In other cultures, schizophrenia is a gift

I have sometimes wondered why schizophrenia survives in the human gene pool.  Perhaps it is a way of knowing things that are not accessible to the five senses, but that are supremely useful to a community (even if that knowledge is less dependable than the five senses).

Phil Borges tells about visiting shamans the world over, experiencing firsthand their trances and the knowledge that comes through them, asking their stories and (usually) traumatic childhoods.

Persistent illusion

The concept of Maya comes from the Upanishads…Maya is the creative power of the divine in the physical realm. Maya is Brahman turning upon itself and its own infinite potential, and it is this that creates the power of self-regard in us and other earthly beings.

– In what sense is “Maya” translated as “illusion”?

If the self-regard of Brahman produces the impression that the self is real and the physical world is primary, this is the illusion. But if we realize that ourselves and all the world around us are manifestations of Brahman, then we can find the connection back to the source, and that is the way in which Maya can be overcome, and not be a trap. 

This delusion that we’re in is also part of the grand plan of creation, and part of the self-expression of the divine.  If we take it to be absolute, then we are trapped; but if we take it to be the expression of something true, then we find the truth in it.  Yoga becomes the process by which, instead of escaping from Maya, we at once embrace this world and also understand its relation to the Absolute.

from Devashish Banerjee, interview with Jeffrey Mishlove

Concerto for Orchestra

A concerto is a piece for a virtuoso soloist with a whole orchestra to accompany her. What is a concerto for orchestra? Bela Bartok invented the idea, creating a piece that is virtuosic for every instrument in turn. Other composers have been inspired by his example.

At a time when music was becoming abstract and academic, Morton Gould, born this day in 1913, wrote music that is friendly for the listener. His Concerto for Orchestra is virtuosic, jazzy, and a lot of fun.

Reach out and touch somebody

Admit it. You aren’t like them. You’re not even close. You may occasionally dress yourself up as one of them, watch the same mindless television shows as they do, maybe even eat the same fast food sometimes. But it seems that the more you try to fit in, the more you feel like an outsider, watching the ‘normal people’ as they go about their automatic existences. For every time you say club passwords like ‘Have a nice day’ and ‘Weather’s awful today, eh?’, you yearn inside to say forbidden things like ‘Tell me something that makes you cry’ or ‘What do you think deja vu is for?’. Face it, you even want to talk to that girl in the elevator. But what if that girl in the elevator (and the balding man who walks past your cubicle at work) are thinking the same thing? Who knows what you might learn from taking a chance on conversation with a stranger? Everyone carries a piece of the puzzle. Nobody comes into your life by mere coincidence. Trust your instincts. Do the unexpected. Find the others.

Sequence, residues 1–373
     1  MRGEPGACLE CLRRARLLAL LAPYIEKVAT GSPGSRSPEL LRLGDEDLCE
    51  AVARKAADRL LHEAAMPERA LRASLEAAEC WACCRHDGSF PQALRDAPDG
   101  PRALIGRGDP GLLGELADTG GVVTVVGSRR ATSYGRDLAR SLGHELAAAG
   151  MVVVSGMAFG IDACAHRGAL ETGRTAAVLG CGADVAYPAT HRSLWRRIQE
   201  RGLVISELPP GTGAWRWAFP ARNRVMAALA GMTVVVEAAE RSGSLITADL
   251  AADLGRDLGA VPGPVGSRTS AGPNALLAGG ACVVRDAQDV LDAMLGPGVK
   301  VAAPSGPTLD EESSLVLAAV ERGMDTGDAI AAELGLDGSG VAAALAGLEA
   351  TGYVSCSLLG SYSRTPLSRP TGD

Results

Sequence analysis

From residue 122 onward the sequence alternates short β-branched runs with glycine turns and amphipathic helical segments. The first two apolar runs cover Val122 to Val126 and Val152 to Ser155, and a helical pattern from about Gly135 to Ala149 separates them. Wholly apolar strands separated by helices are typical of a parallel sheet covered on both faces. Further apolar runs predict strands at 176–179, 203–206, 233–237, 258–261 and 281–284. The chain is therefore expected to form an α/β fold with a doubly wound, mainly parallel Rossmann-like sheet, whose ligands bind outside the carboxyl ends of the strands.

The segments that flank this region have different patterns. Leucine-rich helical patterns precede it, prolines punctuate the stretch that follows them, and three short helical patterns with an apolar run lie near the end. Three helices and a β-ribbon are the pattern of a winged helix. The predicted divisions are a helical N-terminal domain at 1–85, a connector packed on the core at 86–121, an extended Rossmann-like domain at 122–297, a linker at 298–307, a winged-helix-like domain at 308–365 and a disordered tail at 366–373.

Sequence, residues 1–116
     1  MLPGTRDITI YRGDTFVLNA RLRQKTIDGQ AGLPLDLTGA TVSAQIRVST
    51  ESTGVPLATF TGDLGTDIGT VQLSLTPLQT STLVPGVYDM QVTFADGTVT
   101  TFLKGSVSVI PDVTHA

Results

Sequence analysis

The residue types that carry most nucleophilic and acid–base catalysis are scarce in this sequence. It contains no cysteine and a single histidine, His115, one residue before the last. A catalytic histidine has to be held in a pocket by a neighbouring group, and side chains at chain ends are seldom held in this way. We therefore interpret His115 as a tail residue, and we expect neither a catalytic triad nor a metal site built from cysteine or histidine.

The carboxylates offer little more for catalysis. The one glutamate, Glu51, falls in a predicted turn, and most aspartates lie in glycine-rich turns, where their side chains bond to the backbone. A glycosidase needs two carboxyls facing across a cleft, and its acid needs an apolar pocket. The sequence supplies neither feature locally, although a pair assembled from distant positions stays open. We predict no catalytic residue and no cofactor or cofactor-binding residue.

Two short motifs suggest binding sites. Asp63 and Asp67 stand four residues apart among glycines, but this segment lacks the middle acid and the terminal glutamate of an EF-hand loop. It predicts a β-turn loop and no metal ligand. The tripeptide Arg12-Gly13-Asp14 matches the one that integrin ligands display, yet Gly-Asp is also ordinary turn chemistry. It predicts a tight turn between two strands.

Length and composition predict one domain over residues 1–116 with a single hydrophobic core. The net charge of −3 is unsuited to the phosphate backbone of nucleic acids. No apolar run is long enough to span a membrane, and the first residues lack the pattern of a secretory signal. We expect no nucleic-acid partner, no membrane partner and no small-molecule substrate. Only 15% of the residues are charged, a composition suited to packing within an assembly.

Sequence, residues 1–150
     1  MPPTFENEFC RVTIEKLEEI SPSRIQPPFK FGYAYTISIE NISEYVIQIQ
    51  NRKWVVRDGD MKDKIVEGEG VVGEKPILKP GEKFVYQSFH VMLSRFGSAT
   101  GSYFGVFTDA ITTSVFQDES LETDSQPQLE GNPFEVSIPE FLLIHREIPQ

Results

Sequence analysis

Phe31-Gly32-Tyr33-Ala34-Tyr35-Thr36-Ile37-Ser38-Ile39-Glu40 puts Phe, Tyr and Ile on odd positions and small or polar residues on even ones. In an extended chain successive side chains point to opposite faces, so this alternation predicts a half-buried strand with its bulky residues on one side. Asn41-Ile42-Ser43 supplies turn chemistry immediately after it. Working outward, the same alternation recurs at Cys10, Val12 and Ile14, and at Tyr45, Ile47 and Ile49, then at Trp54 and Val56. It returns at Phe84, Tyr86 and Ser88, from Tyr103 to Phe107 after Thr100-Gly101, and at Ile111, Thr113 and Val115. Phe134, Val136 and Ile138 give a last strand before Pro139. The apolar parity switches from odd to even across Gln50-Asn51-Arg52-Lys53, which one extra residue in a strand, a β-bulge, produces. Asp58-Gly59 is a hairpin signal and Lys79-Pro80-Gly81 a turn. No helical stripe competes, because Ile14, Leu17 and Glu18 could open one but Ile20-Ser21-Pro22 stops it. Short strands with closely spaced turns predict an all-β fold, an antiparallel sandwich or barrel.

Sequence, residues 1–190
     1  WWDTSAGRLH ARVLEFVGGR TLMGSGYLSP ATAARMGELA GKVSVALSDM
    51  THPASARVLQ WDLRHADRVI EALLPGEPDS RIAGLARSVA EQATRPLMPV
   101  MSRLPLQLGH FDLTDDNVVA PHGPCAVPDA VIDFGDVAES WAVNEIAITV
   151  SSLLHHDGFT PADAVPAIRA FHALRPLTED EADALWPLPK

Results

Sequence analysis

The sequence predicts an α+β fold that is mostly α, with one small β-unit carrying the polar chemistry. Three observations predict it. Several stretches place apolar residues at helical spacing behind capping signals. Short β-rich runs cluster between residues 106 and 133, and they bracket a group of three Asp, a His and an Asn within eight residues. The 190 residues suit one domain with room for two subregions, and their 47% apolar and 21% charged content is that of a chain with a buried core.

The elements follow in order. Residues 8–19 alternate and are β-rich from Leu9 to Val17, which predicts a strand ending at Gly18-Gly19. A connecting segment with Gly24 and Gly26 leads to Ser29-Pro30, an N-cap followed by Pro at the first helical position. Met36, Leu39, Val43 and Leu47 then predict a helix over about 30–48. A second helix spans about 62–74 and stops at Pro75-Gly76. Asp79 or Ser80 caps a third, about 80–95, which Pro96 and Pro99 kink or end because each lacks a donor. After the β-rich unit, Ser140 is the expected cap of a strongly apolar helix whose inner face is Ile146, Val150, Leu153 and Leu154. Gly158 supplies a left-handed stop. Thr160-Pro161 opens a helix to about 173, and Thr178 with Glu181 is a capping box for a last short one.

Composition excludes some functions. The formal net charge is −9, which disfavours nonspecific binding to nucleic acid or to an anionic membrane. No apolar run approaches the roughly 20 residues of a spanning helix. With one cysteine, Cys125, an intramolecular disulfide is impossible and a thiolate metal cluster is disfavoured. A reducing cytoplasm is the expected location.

— Timothy Leary

Cosmologists shaking in their boots

Cosmology is arguably the most ambitious of all the sciences. It is built on astronomy, to be sure, but also a great deal of particle physics and quantum theory in energy regions where we have little or no data. 

Learning anything about the universe as a whole requires enormous investments in astronomical observations at all wavelengths and statistical analysis of the collected data. On the back end, these results are compared to computer simulations that start with a few simple assumptions and then follow the physics from the Big Bang to the present, and, finally translate the large-scale picture to a prediction of what we should be seeing as we look out from our present vantage.

Every fact that we have about the universe as a whole was obtained at enormous cost in time, dollars, and effort.  Because the facts we have about the universe are few, in good faith we can only entertain theories that are very simple. For example, if we have 7 measured facts about the universe and a theory with 6 free parameters, the theory is on shaky ground.  If we need 7 free parameters to explain 7 observations, then we are open to the charge that any other theory might serve just as well.

The heyday of physical cosmology began with the discovery of the cosmic microwave background in 1965 and continued through 1997.  Back in the 1970s and 80s, when I was studying astrophysics, there was an enormous sense of excitement and pride because of one agreement between theory and observation.